The acceptance-of-benefits doctrine bars a party from contesting the validity of a will while enjoying its benefits. It arises out of equity’s aversion to a claimant who seeks to exploit irreconcilable positions. Equity does not permit the beneficiary of a will to grasp benefits under the will with one hand while attempting to nullify it with the other. A contestant may rebut the doctrine’s applicability by showing that she did not accept the benefit through the will. The law does not deprive a contestant of standing when she otherwise has a present legal right to the benefit. That is, if the contestant is otherwise presently entitled to the accepted benefit, then her acceptance of it is not inconsistent with suing to set aside the will. For example, a contestant who accepts a bank account payable to the contestant upon the decedent’s death or as an assertion of her interest in a community estate does not act inconsistently with a will contest because she does so through means other than the will. In such a case, there is no inconsistent position justifying estoppel because the contestant does not seek to nullify the will while she simultaneously enjoys its benefits.

Id. The Court then rejected the theory that “a will contestant may presently accept benefits under the will based on a hypothetical claim to greater benefits should a court declare it invalid.” Id. The Court stated:

We rejected the idea more than sixty years ago in Wright v. Wright. As we explained in that case, the test for determining whether a contestant’s acceptance of benefits estops her from bringing a will contest “does not depend upon the value of the benefits,” “[n]or is it to be determined by comparing them with what the statutes of descent and distribution would afford the beneficiary in the absence of a will.” Rather, the doctrine asks whether the contestant has an existing legal entitlement to these benefits other than under the will. If there is no existing entitlement save for the testator’s bequest, then the contestant’s acceptance of it is inconsistent with a claim that the will is invalid.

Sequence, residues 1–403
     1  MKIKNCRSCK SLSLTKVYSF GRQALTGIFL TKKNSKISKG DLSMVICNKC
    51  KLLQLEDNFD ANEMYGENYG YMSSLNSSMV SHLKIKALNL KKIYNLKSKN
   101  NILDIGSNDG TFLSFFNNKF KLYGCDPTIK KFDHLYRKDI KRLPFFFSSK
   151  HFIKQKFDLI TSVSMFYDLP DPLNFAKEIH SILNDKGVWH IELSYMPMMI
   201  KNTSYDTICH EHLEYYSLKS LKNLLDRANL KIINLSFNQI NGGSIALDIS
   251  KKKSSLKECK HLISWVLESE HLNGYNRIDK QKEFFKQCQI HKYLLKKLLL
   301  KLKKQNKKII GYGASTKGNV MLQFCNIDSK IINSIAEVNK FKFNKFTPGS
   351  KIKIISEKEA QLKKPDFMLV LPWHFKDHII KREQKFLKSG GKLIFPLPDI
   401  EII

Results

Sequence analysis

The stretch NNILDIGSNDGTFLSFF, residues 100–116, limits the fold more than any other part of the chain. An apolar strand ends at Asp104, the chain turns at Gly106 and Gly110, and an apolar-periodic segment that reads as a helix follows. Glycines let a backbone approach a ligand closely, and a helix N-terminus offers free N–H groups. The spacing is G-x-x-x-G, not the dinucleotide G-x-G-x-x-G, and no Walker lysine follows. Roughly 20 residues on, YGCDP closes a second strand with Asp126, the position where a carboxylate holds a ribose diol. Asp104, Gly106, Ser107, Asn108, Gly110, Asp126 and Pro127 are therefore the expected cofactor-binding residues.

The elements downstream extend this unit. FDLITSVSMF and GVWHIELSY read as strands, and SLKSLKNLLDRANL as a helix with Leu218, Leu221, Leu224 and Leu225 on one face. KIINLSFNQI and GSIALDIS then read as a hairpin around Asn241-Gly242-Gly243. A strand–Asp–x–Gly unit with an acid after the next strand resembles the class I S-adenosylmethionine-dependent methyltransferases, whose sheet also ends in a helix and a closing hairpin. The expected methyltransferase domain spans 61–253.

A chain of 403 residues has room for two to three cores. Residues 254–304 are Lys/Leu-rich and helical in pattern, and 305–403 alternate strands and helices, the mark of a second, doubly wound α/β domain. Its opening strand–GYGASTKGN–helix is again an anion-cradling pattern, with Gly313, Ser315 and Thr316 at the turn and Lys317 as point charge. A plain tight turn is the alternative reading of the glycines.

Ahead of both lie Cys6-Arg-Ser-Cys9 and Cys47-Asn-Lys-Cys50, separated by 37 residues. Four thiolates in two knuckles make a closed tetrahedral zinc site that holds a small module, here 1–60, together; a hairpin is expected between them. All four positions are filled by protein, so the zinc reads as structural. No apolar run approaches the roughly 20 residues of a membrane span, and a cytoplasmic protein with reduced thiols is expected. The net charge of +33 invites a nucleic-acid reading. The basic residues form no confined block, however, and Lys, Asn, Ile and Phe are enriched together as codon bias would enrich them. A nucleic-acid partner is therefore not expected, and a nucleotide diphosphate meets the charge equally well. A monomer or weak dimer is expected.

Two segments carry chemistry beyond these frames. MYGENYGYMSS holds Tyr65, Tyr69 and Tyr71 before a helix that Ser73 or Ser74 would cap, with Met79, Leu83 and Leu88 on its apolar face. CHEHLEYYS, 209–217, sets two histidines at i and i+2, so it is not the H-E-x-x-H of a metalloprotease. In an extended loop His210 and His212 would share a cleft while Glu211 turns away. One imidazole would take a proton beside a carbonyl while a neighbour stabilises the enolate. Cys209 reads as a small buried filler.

Id. The Court also stated that this bright-line test would not harm a beneficiary that accepts a benefit without sufficient knowledge of the facts:

MacNerland argues that an opportunistic executor could offensively deny a would-be will contestant’s claim by partially distributing the estate to an unwitting beneficiary to avoid a will contest. The doctrine sufficiently accounts for this concern, however, by requiring that a beneficiary voluntarily accept the benefit. If a beneficiary or devisee lacks knowledge of some material fact at the time of acceptance, she may take steps to reject the benefit. MacNerland did not attempt to return the mutual fund account to the estate or assert in this case that her acceptance of the account was involuntary.